American Sheet Music: ca. 1820-1860
Table of Contents
Music Copyrighted in Federal District Courts, ca. 1820-1860:
Innovations and Celebrations

Images of African Americans

image: caption following
Good night mamma good night
by J. C. Cook.

Most songs, however, were in some way about life in general, and about love in particular. This period saw the development of a unique type of popular song, a song about the death of a beautiful woman, usually the singer's beloved. During the 1840s, such songs were most often about African Americans--a tradition culminating in Stephen Foster's 1849 song Nelly was a Lady. During the 1850s, the tradition became general, and any young lady unlucky enough to have her name in the title of the song was likely to be dead by the beginning of the second verse. A similar theme that became common during the period was the death of a child.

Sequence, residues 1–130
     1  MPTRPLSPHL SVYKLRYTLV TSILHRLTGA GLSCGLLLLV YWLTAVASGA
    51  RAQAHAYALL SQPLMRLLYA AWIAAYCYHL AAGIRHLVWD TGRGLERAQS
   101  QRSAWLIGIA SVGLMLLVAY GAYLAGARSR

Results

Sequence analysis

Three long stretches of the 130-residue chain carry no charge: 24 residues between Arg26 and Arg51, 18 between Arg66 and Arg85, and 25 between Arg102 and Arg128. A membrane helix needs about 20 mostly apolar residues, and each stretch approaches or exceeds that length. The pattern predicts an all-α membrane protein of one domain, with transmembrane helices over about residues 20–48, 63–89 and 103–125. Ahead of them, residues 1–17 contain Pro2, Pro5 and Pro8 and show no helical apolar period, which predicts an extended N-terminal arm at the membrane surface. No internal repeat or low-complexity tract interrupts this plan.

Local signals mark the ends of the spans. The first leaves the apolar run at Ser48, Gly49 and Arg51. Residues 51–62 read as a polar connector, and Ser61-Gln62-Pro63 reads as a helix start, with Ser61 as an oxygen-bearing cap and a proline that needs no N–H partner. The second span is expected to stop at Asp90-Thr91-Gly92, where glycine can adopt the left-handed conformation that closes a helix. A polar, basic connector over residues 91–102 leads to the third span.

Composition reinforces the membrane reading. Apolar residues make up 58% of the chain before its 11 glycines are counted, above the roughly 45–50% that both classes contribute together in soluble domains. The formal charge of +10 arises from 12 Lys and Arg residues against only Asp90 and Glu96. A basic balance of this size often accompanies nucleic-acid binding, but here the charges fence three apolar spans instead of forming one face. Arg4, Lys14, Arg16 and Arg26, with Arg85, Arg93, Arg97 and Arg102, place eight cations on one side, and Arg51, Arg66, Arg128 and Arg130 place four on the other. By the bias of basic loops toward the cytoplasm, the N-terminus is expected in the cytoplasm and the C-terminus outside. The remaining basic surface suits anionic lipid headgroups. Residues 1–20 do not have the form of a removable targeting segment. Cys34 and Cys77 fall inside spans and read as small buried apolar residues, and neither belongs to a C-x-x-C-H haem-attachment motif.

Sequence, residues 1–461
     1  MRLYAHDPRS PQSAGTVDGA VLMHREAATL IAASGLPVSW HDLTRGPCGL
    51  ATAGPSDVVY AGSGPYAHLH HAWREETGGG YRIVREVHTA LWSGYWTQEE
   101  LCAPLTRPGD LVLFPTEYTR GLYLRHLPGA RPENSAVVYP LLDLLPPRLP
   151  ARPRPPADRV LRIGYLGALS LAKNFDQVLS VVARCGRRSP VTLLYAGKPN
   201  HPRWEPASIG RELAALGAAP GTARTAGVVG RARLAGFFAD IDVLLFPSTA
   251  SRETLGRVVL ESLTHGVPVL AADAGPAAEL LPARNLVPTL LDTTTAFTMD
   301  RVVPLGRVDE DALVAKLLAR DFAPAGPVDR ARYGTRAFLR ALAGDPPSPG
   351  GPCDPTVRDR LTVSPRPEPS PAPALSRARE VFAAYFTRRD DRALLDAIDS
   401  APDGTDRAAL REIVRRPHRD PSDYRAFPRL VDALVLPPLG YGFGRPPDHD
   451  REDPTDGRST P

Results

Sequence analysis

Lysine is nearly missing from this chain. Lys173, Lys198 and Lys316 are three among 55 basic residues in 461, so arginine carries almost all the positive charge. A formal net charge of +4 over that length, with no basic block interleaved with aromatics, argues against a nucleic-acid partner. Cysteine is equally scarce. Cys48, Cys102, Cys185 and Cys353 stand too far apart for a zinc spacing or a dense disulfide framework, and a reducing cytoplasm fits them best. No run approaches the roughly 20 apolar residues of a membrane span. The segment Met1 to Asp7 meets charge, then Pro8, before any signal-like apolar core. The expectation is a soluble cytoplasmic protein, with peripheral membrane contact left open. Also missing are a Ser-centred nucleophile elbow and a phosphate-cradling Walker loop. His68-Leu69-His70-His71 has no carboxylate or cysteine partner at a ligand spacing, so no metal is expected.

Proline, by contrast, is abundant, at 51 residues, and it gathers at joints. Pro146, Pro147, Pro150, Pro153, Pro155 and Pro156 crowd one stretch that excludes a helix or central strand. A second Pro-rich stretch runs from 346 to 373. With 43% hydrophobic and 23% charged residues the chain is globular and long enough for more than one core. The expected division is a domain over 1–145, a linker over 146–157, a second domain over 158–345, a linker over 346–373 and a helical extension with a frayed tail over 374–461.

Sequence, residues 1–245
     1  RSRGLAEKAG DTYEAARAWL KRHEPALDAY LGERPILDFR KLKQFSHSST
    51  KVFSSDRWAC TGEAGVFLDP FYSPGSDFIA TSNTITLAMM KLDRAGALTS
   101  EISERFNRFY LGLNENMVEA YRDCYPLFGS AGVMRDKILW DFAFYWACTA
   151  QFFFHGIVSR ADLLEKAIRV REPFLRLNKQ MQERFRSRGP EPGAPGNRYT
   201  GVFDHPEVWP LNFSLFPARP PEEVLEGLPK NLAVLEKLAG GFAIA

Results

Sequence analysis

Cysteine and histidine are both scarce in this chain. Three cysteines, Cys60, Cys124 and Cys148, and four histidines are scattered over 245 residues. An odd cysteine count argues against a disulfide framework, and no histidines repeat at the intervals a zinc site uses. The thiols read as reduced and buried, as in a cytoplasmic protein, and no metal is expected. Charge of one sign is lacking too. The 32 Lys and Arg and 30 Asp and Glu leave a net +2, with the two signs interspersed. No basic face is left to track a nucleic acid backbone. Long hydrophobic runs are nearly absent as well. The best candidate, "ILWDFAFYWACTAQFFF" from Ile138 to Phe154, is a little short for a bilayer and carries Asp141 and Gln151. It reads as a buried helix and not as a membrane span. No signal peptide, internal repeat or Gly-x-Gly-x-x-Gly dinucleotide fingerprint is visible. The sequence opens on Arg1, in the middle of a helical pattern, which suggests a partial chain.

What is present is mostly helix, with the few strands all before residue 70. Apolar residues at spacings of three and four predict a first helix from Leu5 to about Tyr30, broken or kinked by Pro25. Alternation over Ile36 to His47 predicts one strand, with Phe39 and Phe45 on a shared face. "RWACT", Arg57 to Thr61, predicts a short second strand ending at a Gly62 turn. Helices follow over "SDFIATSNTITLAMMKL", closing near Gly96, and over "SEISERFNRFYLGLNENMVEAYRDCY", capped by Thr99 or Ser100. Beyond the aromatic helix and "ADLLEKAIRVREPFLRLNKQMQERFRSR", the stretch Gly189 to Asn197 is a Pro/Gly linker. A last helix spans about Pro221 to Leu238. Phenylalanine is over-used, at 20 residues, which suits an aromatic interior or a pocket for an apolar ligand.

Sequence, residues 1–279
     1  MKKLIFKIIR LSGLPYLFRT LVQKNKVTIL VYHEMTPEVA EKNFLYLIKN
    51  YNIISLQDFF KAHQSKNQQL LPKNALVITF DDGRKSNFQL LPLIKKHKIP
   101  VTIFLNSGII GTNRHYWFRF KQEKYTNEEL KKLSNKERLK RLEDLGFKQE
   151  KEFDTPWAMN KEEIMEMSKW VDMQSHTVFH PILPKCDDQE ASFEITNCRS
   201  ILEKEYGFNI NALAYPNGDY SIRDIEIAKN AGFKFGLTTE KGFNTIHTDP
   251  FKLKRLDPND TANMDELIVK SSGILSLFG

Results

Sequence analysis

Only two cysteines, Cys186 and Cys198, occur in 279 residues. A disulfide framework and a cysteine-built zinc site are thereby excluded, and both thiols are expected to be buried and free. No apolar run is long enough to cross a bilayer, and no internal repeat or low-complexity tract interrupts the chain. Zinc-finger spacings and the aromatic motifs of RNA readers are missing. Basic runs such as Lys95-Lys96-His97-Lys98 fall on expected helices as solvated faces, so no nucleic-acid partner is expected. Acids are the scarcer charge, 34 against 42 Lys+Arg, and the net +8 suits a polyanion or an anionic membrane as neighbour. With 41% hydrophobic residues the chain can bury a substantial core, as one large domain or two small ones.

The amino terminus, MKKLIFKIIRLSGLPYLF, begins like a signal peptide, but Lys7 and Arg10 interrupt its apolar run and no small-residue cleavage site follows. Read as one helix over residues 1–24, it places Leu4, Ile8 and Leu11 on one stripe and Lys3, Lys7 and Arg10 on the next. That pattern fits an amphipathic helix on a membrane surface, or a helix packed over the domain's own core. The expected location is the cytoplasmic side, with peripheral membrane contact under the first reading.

Numerous songs about mother usually were less morbid than the songs about the death of a loved one, although "The Maniac Mother" is suitably shuddery. The favorite leitmotiv of later generations of popular songwriters, the fallen woman, is the subject of a single song, aside from the fallen women of European operas such as La Favorita and La Traviata.

Another frequent subject was the waif, who was usually depicted wandering the street. One waif particularly popular in sentimental song was "Little Katy, or Hot Corn." This particular song even inspired a play, Hot Corn, which hoped to do for the urban poor what Uncle Tom's Cabin did for the slave.

American Sheet Music: ca. 1820-1860